| Recipes |

Mom's Christmas Fudge

Keep Houston Press Free
I Support
  • Local
  • Community
  • Journalism
  • logo

Support the independent voice of Houston and help keep the future of Houston Press free.

My mother is known for many things, but chief among them is her famous Christmas fudge.  Each year, lucky friends and family make out with a tin or two.  And until my grandfather passed away last year, she would always make an enormous gift basket for him each year at Christmas, filled with several different kinds of the sweet, creamy, toothsome confection.

The fudge isn't coveted so much because the recipe is some great secret.  Instead, it's the sheer amount of effort and attention required while tending to the fudge that makes it so good.  Certain techniques, certain utensils, a certain level of patience -- all are required to make the perfect batch of fudge.  And if you're willing to devote yourself to an afternoon over a hot stove, I'll teach you how to make the kind of fudge that if given to heads of state around the world, would most likely usher in a new era of sweet, fudgy peace.

Mom's Christmas Fudge

The first thing you'll need are the proper accessories: a wooden spoon and a big pot, preferably of the Dutch oven variety.  Cast iron to Le Creuset: as long as the pot is deep, thick and heavy, you're good to go.

Now for the recipe: 

  • 3 cups sugar
  • 3/4 cup salted butter (the butter must be salted; I strongly recommend Plugra)
  • 1 can (5 ounces) of evaporated milk
  • 1 package (12 ounces) of semisweet chocolate chips (high quality chocolate chips are important here)
  • 1 jar (12 ounces) marshmallow cream
  • one cup chopped nuts (pecans or walnuts but, to quote my mother, "you could live dangerously and use hazelnuts or pistachios")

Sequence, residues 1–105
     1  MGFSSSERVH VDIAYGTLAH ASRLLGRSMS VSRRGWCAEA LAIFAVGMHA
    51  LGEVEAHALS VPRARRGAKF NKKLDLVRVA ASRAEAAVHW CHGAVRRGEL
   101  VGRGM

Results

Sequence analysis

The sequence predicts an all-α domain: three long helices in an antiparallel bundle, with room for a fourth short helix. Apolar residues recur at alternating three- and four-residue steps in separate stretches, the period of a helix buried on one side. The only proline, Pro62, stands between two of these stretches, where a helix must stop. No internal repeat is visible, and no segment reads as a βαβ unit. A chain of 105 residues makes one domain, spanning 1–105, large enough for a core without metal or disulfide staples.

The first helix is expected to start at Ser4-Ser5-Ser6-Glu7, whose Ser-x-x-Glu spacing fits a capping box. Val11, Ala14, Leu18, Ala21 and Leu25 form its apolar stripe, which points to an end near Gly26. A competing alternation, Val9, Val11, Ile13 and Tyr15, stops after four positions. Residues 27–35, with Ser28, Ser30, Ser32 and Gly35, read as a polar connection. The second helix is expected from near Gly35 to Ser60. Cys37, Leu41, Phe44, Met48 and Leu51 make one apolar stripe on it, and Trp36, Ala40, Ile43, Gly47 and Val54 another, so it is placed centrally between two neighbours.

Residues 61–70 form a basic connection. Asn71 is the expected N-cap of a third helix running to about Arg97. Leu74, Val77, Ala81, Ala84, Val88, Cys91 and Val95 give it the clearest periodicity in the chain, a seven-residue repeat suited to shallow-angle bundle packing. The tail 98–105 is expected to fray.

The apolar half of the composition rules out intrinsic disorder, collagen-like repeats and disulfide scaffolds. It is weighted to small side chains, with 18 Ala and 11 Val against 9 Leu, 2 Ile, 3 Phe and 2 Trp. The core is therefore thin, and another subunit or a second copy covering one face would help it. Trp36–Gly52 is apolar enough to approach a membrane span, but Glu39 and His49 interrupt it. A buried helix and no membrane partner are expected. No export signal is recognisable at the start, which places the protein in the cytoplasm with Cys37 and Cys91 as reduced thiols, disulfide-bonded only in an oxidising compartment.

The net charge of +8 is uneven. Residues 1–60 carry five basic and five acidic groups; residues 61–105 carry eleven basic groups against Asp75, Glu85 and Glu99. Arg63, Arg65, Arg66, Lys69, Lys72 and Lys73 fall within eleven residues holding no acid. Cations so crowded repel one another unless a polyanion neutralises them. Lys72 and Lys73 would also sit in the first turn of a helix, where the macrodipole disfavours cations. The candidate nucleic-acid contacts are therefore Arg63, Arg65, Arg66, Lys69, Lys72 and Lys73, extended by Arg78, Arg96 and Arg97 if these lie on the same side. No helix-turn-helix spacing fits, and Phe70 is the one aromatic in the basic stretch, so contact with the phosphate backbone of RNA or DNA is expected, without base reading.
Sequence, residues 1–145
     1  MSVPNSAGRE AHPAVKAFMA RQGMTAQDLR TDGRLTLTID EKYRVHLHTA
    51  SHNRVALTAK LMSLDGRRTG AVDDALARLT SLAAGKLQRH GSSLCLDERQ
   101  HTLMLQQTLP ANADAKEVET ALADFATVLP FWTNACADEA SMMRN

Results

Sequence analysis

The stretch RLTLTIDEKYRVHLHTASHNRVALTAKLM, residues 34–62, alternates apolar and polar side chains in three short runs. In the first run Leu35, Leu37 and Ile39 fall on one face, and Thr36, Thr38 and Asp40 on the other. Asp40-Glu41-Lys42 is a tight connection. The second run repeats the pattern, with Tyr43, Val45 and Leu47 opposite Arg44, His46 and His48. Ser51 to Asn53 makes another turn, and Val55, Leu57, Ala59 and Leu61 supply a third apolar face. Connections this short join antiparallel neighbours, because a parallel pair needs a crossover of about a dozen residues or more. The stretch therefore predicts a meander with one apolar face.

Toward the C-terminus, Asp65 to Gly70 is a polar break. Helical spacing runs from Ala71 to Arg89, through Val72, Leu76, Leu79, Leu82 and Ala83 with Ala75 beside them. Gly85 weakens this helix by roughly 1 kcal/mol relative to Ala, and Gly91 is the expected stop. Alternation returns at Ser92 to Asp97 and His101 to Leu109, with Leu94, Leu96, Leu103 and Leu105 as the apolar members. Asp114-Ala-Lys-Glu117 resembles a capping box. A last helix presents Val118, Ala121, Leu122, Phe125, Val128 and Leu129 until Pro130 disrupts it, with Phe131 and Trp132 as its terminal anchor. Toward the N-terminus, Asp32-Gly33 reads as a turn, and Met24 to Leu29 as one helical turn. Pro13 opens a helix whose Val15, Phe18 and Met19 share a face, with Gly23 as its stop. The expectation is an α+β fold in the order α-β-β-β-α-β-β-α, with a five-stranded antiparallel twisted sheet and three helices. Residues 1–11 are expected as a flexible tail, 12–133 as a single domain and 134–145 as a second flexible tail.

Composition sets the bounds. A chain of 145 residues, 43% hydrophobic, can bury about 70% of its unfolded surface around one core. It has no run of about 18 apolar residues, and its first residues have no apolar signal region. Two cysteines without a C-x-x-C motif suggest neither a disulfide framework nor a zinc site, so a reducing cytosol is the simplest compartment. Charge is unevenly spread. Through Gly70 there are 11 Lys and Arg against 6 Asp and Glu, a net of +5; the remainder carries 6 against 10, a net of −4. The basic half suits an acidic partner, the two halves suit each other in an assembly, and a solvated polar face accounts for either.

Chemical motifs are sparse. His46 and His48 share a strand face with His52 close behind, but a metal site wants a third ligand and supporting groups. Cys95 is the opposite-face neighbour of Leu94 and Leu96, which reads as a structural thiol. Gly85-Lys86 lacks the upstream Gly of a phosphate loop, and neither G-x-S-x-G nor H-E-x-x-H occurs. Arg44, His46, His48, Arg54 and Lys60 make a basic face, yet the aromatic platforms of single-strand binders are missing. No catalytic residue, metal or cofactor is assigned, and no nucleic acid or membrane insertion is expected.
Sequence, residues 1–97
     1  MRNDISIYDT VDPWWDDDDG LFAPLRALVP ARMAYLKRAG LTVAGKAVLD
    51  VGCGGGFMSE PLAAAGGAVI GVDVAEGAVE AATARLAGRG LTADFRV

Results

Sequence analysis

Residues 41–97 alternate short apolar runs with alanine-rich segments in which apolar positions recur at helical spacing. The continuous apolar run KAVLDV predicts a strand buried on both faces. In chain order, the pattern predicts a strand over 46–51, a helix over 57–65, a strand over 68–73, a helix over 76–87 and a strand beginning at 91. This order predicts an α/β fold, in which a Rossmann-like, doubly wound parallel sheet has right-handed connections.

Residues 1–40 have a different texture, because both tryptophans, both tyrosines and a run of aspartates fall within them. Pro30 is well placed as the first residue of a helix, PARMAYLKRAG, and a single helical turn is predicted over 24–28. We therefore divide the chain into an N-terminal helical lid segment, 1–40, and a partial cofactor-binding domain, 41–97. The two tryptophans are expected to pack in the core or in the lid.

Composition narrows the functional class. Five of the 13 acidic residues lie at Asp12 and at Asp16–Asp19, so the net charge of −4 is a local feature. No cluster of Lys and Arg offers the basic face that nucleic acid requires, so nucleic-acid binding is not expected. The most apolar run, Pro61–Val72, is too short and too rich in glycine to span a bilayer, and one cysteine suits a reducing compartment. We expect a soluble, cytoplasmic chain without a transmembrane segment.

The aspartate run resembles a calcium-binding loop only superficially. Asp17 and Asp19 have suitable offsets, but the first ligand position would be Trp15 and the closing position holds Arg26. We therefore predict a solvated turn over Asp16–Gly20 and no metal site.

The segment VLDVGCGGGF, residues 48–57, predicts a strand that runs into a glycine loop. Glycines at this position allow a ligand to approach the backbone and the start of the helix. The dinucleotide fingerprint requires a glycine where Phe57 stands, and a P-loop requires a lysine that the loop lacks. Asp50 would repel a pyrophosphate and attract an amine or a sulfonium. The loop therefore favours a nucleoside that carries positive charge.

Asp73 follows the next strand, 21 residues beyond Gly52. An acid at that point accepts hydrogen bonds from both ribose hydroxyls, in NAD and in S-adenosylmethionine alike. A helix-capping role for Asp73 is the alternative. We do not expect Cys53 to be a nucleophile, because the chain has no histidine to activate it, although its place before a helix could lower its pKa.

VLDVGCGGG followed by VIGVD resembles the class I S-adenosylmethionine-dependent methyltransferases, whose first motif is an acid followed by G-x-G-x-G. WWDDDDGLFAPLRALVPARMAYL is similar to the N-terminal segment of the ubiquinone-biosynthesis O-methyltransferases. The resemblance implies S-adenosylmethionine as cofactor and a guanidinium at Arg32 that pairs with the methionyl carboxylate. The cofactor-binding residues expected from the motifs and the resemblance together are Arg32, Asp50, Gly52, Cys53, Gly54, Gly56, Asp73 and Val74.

• 1 1/2 tsp. vanilla

Combine sugar, butter and milk in a heavy Dutch oven.  Bring to a full, rolling boil and stir constantly. Again, to quote my mother, "don't use this time to change light bulbs, clean the birdcage or trim your herbs...it needs constant attention."

Continue boiling until your candy thermometer reaches 234°, again, stirring constantly to prevent scorching.  And here's the important part: while most recipes will tell you to stir for only five minutes, they are wrong.  Stir until your arm is screaming with pain and until the mixture takes on a -- sorry -- phlegmy consistency, about 20 minutes.  And therein lies the secret to truly great fudge.

Remove the pot from heat and stir in chocolate chips.  Stir until completely melted.  Add marshmallow cream, nuts and vanilla.  Use a hand mixer to beat the mixture on low until well-blended.  Pour into a 13x9" pan and let cool.

When the fudge has cooled, cut into squares and put into decorative tins, baskets, Ziploc bags, etc., and present to your awed friends and family.  While they will be utterly amazed by your newly-aquired fudge-making skills, know this: those who live by the fudge, die by the fudge.  People will hound you for this fudge each holiday season for the rest of your life.  But, hey, can't say you weren't warned!

--- Katharine Shilcutt

Keep the Houston Press Free... Since we started the Houston Press, it has been defined as the free, independent voice of Houston, and we would like to keep it that way. Offering our readers free access to incisive coverage of local news, food and culture. Producing stories on everything from political scandals to the hottest new bands, with gutsy reporting, stylish writing, and staffers who've won everything from the Society of Professional Journalists' Sigma Delta Chi feature-writing award to the Casey Medal for Meritorious Journalism. But with local journalism's existence under siege and advertising revenue setbacks having a larger impact, it is important now more than ever for us to rally support behind funding our local journalism. You can help by participating in our "I Support" membership program, allowing us to keep covering Houston with no paywalls.

We use cookies to collect and analyze information on site performance and usage, and to enhance and customize content and advertisements. By clicking 'X' or continuing to use the site, you agree to allow cookies to be placed. To find out more, visit our cookies policy and our privacy policy.


Join the Press community and help support independent local journalism in Houston.


Join the Press community and help support independent local journalism in Houston.